- 16-20 year-olds generally do not want to spend time with younger youth at the YAC. These young adults expressed a desire for the Pier Club to remain open later until midnight and on the weekends.
- Older youth expressed enthusiasm for dances at the Pier Club.
- Many youth recognized that not having as many evening opportunities for older high school and college-age Chautauquans has contributed to a culture of underage drinking.
- Youth expressed hope that the Pier Club might be a place where young adults in Chautauqua for all different reasons (counselors, artists, etc.) might be able to meet new people and build more connections. They stressed the most important piece is that they want a space dedicated to them and their needs.
- Many suggestions of additional organized and more informal activities on the grounds were made by youth and parents, specifically aimed at addressing the lack of programming for this age group.
- Alyssa Porter has connected with teens and young adults who attended the listening session and were interested in being contacted to set up a dedicated Advisory Council for this demographic. They will meet regularly throughout the upcoming season.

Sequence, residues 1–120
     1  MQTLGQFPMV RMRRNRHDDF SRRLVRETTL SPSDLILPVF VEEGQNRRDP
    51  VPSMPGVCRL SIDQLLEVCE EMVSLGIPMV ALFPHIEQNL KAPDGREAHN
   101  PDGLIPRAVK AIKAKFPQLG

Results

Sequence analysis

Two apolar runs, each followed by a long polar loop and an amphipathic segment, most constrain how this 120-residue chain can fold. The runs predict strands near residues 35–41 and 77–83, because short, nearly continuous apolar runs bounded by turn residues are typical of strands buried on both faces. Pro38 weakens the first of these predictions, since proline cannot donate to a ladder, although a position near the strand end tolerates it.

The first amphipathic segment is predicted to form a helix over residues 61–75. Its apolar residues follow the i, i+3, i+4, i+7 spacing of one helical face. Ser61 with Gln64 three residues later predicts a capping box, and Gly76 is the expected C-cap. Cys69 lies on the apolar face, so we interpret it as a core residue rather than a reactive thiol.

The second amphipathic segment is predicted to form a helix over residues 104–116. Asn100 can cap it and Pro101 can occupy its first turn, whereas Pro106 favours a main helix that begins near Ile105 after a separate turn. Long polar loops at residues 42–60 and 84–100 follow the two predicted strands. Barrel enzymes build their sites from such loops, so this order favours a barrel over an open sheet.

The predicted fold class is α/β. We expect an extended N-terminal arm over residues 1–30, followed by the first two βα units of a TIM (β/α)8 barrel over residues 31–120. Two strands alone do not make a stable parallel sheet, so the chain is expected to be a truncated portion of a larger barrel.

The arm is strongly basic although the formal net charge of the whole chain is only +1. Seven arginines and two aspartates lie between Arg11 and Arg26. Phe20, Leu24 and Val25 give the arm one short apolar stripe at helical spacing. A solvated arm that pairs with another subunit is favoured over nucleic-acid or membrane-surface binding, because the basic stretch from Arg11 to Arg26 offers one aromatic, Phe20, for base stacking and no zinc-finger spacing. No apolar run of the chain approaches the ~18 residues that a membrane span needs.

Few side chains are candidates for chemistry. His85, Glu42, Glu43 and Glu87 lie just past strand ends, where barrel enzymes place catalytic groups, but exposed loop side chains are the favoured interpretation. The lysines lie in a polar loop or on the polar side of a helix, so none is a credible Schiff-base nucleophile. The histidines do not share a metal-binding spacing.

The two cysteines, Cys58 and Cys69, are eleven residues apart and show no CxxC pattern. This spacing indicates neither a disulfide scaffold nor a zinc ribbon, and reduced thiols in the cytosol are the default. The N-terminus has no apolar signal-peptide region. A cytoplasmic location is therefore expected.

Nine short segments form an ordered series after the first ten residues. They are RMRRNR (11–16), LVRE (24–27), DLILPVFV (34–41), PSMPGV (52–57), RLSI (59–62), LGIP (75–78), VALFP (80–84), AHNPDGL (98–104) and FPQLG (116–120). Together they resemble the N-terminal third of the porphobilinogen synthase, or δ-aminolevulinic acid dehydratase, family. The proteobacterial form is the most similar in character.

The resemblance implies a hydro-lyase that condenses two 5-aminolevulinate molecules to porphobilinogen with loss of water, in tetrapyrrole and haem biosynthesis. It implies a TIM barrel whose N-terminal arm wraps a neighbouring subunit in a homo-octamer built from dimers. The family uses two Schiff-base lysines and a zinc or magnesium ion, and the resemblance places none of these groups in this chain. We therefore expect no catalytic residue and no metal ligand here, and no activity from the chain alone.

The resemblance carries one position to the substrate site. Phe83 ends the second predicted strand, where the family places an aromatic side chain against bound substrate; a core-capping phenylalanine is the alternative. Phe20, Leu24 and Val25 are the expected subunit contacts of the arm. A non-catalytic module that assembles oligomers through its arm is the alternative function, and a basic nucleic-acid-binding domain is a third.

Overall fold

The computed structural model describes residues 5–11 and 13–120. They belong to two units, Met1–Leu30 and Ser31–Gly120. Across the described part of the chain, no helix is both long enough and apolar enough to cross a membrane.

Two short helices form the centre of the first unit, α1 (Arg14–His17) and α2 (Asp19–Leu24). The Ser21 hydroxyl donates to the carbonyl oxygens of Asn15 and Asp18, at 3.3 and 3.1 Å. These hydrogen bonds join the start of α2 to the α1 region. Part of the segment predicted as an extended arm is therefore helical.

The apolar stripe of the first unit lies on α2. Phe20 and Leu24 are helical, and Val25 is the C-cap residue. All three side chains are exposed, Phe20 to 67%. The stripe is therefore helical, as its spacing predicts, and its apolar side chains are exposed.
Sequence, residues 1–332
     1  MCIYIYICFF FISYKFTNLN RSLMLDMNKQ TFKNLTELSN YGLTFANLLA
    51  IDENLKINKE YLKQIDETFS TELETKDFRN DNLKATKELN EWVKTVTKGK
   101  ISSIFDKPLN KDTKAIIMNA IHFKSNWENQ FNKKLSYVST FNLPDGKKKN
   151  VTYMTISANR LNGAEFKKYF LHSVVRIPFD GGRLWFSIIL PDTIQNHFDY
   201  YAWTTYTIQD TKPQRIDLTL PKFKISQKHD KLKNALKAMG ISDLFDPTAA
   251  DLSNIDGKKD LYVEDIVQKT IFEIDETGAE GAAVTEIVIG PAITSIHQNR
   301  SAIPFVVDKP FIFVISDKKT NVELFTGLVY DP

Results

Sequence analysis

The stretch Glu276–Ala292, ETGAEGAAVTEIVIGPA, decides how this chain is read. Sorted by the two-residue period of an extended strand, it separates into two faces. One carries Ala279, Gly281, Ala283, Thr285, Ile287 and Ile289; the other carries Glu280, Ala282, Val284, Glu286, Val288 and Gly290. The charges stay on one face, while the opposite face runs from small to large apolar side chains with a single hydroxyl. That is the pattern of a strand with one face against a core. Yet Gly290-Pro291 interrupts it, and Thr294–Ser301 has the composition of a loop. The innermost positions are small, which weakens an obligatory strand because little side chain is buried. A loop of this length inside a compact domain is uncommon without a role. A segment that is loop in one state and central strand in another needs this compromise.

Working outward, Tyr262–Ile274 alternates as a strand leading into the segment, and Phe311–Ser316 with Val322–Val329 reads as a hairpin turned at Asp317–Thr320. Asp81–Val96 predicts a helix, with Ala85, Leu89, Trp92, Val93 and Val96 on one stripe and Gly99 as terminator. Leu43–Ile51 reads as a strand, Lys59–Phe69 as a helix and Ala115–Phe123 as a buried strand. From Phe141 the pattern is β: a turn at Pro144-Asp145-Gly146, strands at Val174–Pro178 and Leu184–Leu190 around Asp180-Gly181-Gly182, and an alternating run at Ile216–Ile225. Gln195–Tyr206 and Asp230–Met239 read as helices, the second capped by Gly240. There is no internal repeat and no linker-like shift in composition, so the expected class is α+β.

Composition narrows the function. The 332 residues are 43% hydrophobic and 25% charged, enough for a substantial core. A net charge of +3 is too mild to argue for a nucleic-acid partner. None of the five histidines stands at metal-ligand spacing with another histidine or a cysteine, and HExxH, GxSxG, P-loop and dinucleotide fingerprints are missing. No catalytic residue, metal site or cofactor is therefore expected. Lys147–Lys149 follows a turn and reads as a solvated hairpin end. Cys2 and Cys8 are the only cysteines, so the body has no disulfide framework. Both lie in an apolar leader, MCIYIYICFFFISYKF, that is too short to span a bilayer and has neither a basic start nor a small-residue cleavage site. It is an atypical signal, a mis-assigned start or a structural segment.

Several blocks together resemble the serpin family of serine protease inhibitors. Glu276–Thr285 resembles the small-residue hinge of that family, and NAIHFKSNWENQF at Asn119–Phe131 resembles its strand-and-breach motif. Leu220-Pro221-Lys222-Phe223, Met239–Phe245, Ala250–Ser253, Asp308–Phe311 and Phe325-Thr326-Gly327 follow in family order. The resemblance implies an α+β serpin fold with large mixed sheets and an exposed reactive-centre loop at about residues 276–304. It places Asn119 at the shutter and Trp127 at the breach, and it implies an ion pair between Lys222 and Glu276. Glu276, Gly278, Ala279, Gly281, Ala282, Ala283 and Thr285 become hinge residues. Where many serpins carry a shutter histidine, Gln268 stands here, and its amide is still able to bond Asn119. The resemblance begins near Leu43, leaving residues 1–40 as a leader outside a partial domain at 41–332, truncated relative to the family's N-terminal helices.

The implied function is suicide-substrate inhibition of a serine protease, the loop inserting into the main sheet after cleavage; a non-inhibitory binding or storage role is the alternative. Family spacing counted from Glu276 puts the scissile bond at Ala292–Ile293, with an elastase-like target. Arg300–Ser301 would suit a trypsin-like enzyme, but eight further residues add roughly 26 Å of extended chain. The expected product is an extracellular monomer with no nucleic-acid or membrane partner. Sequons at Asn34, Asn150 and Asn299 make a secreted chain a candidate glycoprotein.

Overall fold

- Some youth expressed frustration related to communication. There was a desire for clearer communication from the Institution, especially as it relates to changes in youth programming.
- Several youth shared ideas for how to leverage social media technology to promote youth programs.
Feedback from Chautauqua Adults:
Why Adults Love Chautauqua
- Opportunity for family connection, especially multigenerational connections
- Lifelong friendships
- A “learning vacation”
- Love of programming – intellectual, arts, spiritual, youth, special studies
- Opportunity for recreation
- The lake
- Safety and independence for children
- Strong sense of history and tradition
- Being in a place of beauty
- A sense of home
- A chance to make new friends
- Several adults expressed frustration related to communication. Many desire more consistent and detailed information from the Institution, especially as it relates to programmatic changes.
- It was noted that updated technology could be a major help in resolving this issue and promoting better two-way communication.
- The current system utilizes communication with “head of household” gate pass purchasers. The multi-generational structure of Chautauqua has led to many people being left out of communication due to not being a gate pass purchaser.
- Some people expressed a desire for more opportunities for an open exchange of thoughts and ideas.
Respect and Appreciation for Seasonal Staff
- Many adults expressed deep appreciation for the decades of dedicated service that seasonal staff have made in supporting youth and family programs. Community members want to ensure that the efforts, insights, and wisdom of seasonal staff are valued, respected, and recognized.